There is more than meets the eye when it comes to being a junior buyer/buyer. For example, did you know that they make an average of $24.21 an hour? That's $50,352 a year!
When it comes to the most important skills required to be a junior buyer/buyer, we found that a lot of resumes listed 23.0% of junior buyers/buyers included purchase orders, while 8.9% of resumes included vendor invoices, and 8.5% of resumes included office supplies. Hard skills like these are helpful to have when it comes to performing essential job responsibilities.
When it comes to searching for a job, many search for a key term or phrase. Instead, it might be more helpful to search by industry, as you might be missing jobs that you never thought about in industries that you didn't even think offered positions related to the junior buyer/buyer job title. But what industry to start with? Most junior buyers/buyers actually find jobs in the manufacturing and retail industries.
If you're interested in becoming a junior buyer/buyer, one of the first things to consider is how much education you need. We've determined that 51.6% of junior buyers/buyers have a bachelor's degree. In terms of higher education levels, we found that 12.5% of junior buyers/buyers have master's degrees. Even though most junior buyers/buyers have a college degree, it's possible to become one with only a high school degree or GED.
Choosing the right major is always an important step when researching how to become a junior buyer/buyer. When we researched the most common majors for a junior buyer/buyer, we found that they most commonly earn bachelor's degree degrees or associate degree degrees. Other degrees that we often see on junior buyer/buyer resumes include master's degree degrees or high school diploma degrees.
You may find that experience in other jobs will help you become a junior buyer/buyer. In fact, many junior buyer/buyer jobs require experience in a role such as buyer. Meanwhile, many junior buyers/buyers also have previous career experience in roles such as assistant buyer or administrative assistant.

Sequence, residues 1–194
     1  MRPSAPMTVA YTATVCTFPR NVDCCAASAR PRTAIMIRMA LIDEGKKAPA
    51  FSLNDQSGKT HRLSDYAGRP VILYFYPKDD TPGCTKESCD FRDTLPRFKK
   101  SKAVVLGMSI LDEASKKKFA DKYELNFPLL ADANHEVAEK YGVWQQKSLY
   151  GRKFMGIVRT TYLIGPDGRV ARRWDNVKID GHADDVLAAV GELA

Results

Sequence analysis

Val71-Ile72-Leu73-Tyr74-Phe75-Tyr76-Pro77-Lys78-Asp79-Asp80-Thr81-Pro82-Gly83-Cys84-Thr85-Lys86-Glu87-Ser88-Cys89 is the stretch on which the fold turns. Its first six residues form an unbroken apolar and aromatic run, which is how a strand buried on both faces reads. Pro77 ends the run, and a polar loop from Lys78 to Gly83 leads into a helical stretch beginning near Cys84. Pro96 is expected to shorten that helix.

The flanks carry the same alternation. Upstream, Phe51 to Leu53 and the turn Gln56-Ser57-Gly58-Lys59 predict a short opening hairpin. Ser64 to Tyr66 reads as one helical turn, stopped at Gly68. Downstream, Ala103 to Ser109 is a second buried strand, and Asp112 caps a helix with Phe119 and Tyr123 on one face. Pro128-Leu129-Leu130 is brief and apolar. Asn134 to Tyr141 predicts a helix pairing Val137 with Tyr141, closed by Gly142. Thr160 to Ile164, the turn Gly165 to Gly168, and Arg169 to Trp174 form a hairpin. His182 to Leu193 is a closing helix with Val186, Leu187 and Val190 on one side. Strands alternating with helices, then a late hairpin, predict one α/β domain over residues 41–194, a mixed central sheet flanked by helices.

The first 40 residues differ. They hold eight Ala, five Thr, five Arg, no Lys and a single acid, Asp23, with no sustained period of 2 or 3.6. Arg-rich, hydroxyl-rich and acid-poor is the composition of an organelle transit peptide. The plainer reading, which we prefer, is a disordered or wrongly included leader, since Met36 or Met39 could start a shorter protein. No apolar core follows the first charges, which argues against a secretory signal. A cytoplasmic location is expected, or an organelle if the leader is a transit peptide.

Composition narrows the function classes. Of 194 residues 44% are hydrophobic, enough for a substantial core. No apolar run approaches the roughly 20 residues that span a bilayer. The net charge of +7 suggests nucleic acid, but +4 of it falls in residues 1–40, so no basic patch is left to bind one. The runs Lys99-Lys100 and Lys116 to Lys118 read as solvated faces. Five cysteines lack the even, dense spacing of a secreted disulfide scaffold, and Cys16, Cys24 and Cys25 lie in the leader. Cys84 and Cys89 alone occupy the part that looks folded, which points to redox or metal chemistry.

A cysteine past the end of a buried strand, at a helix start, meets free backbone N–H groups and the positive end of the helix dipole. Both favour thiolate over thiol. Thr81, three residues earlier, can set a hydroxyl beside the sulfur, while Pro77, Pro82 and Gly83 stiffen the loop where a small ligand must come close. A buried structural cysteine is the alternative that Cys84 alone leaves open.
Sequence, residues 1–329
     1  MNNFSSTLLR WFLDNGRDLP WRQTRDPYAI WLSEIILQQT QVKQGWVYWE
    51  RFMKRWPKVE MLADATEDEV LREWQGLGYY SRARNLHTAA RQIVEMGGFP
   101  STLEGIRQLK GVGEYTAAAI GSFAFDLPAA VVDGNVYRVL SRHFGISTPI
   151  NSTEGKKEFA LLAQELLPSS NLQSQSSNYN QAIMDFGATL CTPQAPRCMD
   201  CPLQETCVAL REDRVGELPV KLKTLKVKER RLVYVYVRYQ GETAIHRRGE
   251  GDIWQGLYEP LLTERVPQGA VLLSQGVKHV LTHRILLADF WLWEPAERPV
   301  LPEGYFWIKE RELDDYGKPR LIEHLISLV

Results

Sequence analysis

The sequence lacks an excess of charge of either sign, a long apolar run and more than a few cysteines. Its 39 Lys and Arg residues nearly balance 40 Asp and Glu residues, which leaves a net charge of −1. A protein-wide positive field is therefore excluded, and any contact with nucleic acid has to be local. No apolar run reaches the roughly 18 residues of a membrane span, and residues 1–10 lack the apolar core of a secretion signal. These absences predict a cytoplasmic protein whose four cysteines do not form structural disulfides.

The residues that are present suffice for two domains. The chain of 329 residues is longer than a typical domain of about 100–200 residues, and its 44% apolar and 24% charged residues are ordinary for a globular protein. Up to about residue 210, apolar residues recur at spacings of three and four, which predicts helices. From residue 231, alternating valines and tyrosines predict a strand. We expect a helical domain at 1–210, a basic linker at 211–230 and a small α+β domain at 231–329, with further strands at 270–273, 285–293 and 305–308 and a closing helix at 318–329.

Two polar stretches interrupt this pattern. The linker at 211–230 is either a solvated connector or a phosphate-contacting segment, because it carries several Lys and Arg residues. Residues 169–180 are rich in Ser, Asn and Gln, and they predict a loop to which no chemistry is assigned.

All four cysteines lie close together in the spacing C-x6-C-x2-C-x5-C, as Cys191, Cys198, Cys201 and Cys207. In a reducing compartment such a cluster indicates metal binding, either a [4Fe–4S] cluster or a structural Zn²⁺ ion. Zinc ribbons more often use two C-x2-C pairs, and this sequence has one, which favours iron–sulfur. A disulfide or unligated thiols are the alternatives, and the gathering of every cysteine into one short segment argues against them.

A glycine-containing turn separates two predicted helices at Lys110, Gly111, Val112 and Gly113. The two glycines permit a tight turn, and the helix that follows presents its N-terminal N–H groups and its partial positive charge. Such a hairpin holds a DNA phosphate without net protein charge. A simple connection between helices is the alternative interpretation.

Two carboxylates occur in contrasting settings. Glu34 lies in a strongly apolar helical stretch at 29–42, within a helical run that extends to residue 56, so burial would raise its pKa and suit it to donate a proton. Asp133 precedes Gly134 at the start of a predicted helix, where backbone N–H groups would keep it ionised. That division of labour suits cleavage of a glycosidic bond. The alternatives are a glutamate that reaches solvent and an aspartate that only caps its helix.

Tell us your goals and we'll match you with the right jobs to get there.
As you move along in your career, you may start taking on more responsibilities or notice that you've taken on a leadership role. Using our career map, a junior buyer/buyer can determine their career goals through the career progression. For example, they could start out with a role such as buyer, progress to a title such as purchasing manager and then eventually end up with the title senior purchasing manager.
Tell us your goals and we'll match you with the rights job to get there.
|Job TitleCompany||Company||Start Date||Salary|
The Reserves Network
The Reserves Network
Use Zippia's Salary Calculator to see how your pay matches up.
Hispanic or Latino
Black or African American
Philadelphia, PA • Private
Waltham, MA • Private
Farmingdale, NY • Public
New York, NY • Private
Minneapolis, MN • Public
Plattsburgh, NY • Public
Stanford, CA • Private
Waco, TX • Private
Alfred, NY • Public
Syracuse, NY • Private
Some places are better than others when it comes to starting a career as a junior buyer/buyer. The best states for people in this position are Massachusetts, Pennsylvania, California, and North Dakota. Junior buyers/buyers make the most in Massachusetts with an average salary of $59,324. Whereas in Pennsylvania and California, they would average $57,435 and $56,688, respectively. While junior buyers/buyers would only make an average of $56,491 in North Dakota, you would still make more there than in the rest of the country. We determined these as the best states based on job availability and pay. By finding the median salary, cost of living, and using the Bureau of Labor Statistics' Location Quotient, we narrowed down our list of states to these four.